Real Estate News & Commentary

Examining Real Estate and Inflation on a Global Perspective

Expertise: Mortgages & Creative Financing, Personal Development, Real Estate News & Commentary, Real Estate Investing Basics
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Hong Kong

To truly undesrtand the relationship between real estate and inflation we can start by examining how US monetary policies have created an inflationary environment elsewhere in the world and what effects it have on real estate in those regions. More specifically, in this article we will be looking at what is happening in Hong Kong and China.

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Effects of Monetary Policies on the Global Economy

World trade has dominated the global economy ever since the end of World War I. The Bretton Woods system, the dollar as the reserve currency, and foreign exchange epicenter in London all play different roles in greasing the wheels of commerce globally. While most countries typically have their own competitive advantage in certain industries, export oriented countries often see a cheaper currency as a way to gain a price advantage over other and to obtain strong currencies for other trades.

China and Hong Kong both have utilized a similar strategy over the past couple of decades to promote the growth of their industries. Hong Kong has actually pegged its currency to the US dollar, while China uses a small band of changes to tie itself to the US dollar. In effect these two countries sacrificed their own monetary policy in order to ensure that they can maintain a consistent value in relation to the dollar.

With that being said, it is quite silly for US policymakers to cry currency manipulation on China. The US economy has become reliant on imports, especially in consumer goods. Asking China to strengthen its currency would mean that everything US imports will become more expensive. It is extremely shortsighted to boost America’s few export industries’ profits at the expense of all Americans’ ability to purchase. But that’s a subject for another day.

In any case, it is precisely because China and Hong Kong peg their own currency values directly to the US that US actually has the ability to manipulate both the Yuan and the Hong Kong dollar. In recent years, the Federal Reserve Chairman Ben Bernanke had embarked on a path of throwing money out of the helicopter in hopes of improving the liquidity position in the US. As soon as Bernanke whipped out the magical printing press, Hong Kong and China had to print money as well in order to maintain the exchange rate. While Hong Kong had no choice, China had to begrudgingly do it while slowly strengthening its currency (what makes it even harder in China is that it has capital control so money just cannot flow freely like the dollar). Thus, hoards of cash flushed across the region like a typhoon in the summer months.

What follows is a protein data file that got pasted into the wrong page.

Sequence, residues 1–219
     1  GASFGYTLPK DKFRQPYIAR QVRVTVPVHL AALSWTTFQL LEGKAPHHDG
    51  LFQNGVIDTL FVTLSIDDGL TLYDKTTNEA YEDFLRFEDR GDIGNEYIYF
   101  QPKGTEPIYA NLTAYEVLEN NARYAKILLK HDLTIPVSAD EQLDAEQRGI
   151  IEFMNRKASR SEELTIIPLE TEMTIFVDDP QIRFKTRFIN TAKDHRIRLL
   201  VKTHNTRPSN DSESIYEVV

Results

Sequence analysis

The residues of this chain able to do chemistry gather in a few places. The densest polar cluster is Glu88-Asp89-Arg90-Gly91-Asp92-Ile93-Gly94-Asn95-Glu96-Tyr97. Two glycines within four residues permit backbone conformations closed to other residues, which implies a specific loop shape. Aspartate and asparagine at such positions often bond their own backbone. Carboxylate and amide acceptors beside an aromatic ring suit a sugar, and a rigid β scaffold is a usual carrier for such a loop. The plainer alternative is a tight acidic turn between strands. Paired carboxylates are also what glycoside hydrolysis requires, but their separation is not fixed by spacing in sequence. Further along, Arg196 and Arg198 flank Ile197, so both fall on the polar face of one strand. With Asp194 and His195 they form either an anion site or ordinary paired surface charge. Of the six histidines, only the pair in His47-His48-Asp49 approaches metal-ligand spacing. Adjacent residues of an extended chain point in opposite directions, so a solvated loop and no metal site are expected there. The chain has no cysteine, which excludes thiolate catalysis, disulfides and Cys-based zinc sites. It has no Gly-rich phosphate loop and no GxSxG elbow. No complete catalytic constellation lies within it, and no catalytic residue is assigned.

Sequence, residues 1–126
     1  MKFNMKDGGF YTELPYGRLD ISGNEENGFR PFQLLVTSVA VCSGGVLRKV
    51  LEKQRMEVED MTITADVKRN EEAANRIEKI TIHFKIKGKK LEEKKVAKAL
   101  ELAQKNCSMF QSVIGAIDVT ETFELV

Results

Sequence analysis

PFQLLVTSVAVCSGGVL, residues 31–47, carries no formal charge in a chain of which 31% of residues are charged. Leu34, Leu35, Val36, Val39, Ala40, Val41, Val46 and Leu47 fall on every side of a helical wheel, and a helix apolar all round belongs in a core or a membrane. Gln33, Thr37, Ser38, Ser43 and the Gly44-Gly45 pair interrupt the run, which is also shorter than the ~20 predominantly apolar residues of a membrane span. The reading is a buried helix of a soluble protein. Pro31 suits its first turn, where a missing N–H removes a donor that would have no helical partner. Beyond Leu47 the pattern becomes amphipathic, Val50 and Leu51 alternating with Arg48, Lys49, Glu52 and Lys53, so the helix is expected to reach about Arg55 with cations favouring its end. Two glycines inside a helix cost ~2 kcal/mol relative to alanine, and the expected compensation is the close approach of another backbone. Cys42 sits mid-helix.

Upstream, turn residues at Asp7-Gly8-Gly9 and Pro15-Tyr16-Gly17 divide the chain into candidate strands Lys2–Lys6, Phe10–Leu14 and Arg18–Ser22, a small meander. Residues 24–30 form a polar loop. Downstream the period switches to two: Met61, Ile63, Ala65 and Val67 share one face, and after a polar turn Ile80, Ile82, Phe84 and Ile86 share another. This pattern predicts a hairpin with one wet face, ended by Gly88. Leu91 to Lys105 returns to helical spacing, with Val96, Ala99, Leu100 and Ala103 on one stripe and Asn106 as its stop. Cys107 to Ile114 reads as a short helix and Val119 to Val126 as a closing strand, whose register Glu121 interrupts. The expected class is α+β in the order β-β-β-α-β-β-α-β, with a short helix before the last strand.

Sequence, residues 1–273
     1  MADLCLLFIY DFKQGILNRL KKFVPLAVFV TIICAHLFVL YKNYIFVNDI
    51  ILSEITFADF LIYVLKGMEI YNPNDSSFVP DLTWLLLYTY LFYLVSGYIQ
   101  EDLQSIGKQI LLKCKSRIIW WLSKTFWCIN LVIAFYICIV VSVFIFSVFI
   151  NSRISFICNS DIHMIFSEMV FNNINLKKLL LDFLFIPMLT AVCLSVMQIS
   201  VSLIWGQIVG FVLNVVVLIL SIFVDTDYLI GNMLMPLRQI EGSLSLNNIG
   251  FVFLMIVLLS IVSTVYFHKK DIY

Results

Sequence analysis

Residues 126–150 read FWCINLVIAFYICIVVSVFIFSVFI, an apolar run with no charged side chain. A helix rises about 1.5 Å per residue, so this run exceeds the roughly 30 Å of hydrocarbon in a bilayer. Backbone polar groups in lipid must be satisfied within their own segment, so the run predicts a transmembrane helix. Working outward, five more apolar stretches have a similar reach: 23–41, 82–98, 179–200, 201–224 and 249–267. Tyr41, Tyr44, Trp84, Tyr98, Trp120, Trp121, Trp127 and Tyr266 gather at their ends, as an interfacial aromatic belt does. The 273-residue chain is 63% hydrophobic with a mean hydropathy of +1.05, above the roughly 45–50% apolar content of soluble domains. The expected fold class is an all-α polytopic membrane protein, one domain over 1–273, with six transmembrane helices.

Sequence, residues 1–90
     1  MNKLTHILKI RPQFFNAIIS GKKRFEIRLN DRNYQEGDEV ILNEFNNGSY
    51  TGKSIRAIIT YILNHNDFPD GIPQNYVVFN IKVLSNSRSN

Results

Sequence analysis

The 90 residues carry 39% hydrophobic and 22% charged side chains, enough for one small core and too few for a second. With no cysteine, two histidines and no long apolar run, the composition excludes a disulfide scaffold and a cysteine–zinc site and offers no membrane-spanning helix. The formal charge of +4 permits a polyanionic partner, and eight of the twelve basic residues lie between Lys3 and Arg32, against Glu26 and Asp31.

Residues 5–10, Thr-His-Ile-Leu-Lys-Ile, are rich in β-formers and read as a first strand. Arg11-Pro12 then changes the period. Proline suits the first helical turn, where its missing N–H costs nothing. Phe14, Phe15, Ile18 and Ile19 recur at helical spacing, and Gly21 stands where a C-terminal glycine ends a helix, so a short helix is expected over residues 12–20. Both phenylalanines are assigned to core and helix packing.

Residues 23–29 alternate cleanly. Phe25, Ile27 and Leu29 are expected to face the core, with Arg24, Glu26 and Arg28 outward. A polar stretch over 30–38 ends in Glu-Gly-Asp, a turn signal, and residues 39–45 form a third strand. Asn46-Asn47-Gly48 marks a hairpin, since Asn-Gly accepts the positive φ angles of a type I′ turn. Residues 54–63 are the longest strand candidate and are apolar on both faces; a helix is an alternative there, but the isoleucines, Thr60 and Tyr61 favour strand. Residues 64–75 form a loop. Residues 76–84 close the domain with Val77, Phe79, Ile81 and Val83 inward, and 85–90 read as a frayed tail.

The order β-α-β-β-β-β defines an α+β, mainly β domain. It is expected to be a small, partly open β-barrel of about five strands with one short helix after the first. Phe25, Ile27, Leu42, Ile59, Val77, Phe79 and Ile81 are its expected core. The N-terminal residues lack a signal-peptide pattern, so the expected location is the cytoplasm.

How Does the Inflationary Environment Affect Real Estate?

While some people (including me) are worried about the eventual effects of inflation in the US, Bernanke has already sparked an extreme inflationary environment in China and Hong Kong. The effects of the inflation in China and Hong Kong may one day serve as a warning to what could happen in the United States.

Although Hong Kong has a relatively strong stock market exchange, China’s relatively young stock market has not been established enough to attract large investments from mom and pop investors. Instead, what most Chinese people invest in is in real estate (the same applies to Hong Kong). As a result, the typhoon of cash toppled over people’s common sense. Real estate values quickly rose up all across the board, with most of its meteoric rise in metropolitan cities such as Shen Zhen, Shanghai, Beijing, and Hong Kong.

The sudden meteoric rise has generated a tremendous amount of paper wealth for those who own the assets. The rise has also attracted many speculators to the game. Investors are starting funds together to get into the game before it gets out of hand. Once the ball started rolling it was not to be stopped.

Unfortunately, not everyone could afford to play this game. Housing prices had risen at a much faster pace than wages did. Increasingly workers were being pushed out of the market and now they demanded to be paid higher. Additionally, because of the higher real estate values, rents rose as well, especially for commercial properties. As rents for stores and shops rose, shopkeepers had no choice but to either raise their prices or move out. Inflation for goods jumped along with real estate prices.